We have a stable Linux setup, and find ourselves wanting to install/upgrade additional packages for testing purposes. We want to keep the system as clean as possible with minimal side effects, to allow for the usual upgrade path to work correctly. Of course, the usual answer is to use /usr/local, but that just means we have reduced the potential tangle somewhat, and moved it to a different place, i.e. no package management under /usr/local.

Enter stow

Stow is designed to solve this problem. We install the package to /usr/local/stow/package-version and stow will manage symlinks in /usr/local, so installing/uninstalling becomes very straightforward.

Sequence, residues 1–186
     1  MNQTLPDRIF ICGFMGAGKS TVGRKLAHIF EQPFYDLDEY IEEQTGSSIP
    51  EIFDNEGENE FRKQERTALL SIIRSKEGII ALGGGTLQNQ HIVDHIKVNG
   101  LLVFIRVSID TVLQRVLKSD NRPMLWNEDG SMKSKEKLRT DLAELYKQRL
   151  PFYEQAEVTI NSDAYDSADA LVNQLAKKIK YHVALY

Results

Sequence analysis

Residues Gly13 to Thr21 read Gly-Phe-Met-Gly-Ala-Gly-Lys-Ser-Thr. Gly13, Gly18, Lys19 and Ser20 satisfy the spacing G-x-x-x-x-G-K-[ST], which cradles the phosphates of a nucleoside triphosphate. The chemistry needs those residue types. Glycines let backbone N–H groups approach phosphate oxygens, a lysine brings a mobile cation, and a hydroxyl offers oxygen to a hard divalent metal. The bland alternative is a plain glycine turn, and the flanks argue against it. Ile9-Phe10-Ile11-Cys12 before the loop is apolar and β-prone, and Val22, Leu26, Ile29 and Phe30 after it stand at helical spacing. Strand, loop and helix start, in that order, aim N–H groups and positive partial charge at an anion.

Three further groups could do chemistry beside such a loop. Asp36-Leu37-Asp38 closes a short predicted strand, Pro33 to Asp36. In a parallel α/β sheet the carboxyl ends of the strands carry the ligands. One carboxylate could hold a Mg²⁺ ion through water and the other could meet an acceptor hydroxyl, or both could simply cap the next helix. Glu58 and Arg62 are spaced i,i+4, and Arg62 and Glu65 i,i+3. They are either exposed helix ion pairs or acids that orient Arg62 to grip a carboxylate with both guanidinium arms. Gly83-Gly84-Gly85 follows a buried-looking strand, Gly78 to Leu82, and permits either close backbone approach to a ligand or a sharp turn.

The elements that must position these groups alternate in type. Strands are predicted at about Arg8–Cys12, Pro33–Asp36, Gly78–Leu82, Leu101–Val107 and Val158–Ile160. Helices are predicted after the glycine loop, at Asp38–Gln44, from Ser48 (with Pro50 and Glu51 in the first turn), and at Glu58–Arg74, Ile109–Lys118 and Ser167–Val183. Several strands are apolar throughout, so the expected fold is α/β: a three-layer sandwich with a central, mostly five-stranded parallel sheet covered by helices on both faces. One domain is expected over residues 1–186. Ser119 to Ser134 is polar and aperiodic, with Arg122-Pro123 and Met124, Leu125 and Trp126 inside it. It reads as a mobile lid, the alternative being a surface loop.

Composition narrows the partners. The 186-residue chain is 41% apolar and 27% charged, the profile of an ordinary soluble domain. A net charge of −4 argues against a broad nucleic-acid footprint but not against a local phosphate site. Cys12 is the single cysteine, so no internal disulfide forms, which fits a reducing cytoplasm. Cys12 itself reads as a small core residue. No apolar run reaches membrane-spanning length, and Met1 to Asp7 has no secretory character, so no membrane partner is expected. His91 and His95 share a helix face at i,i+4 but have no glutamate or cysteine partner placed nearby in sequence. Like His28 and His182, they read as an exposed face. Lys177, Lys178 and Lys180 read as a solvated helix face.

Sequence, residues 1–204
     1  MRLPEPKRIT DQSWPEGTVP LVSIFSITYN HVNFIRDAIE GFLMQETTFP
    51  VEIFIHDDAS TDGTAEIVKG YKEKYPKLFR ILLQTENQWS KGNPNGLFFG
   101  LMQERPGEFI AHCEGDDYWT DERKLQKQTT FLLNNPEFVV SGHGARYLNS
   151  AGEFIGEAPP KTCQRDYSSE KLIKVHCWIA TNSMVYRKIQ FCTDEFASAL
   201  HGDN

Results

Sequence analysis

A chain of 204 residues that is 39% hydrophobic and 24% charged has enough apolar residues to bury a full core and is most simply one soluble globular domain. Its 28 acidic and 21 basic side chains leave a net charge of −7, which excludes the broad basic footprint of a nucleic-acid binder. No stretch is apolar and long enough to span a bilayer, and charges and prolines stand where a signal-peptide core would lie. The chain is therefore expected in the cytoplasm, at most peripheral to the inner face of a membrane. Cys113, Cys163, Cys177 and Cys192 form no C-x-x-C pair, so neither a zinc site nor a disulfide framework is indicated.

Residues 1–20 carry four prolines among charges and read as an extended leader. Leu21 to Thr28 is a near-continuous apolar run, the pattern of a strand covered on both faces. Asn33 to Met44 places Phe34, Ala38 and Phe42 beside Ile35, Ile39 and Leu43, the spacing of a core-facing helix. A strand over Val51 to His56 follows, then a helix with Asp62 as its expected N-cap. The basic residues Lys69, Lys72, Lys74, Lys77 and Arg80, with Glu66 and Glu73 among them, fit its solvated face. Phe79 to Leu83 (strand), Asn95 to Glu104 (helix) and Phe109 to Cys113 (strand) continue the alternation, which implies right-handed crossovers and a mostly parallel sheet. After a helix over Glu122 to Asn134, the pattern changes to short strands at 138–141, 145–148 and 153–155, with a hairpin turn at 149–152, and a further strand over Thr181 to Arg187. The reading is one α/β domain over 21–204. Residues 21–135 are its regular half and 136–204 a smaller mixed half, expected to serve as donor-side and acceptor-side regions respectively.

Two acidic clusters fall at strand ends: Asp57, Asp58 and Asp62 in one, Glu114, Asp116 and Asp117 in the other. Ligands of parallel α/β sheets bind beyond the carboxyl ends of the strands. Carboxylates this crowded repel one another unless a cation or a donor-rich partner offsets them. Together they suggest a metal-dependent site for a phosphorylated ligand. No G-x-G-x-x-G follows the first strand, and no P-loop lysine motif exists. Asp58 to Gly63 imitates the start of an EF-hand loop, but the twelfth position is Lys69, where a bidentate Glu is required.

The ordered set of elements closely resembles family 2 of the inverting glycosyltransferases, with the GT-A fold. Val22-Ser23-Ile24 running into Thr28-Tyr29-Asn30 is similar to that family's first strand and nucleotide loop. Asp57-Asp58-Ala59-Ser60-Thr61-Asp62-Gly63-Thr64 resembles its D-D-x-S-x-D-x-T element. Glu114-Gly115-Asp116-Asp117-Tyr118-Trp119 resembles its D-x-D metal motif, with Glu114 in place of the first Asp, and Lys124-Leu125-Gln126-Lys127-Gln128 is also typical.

Install to /tmp/testPackage-version just incase of a miss-behaved installation procedure/side effects. This way if it tries to write elsewhere it will error out and we can investigate.

$ cd testPackage
[testPackage] $ ./ --prefix=/tmp/package-version
[testPackage] $ ./configure; make; make install

If everything succeeded, we can proceed.

[testProject] $ cd /usr/local/stow
[/usr/local/stow] $ sudo mv /tmp/testPackage-version .
[/usr/local/stow] $ sudo stow testPackage-version

At this point, the package is installed and ready for use.

To remove

[/usr/local/stow] $ sudo stow -D testPackage-version

Be careful of installing multiple versions at the same time, it is safer to remove older version using stow -D then installing the newer version.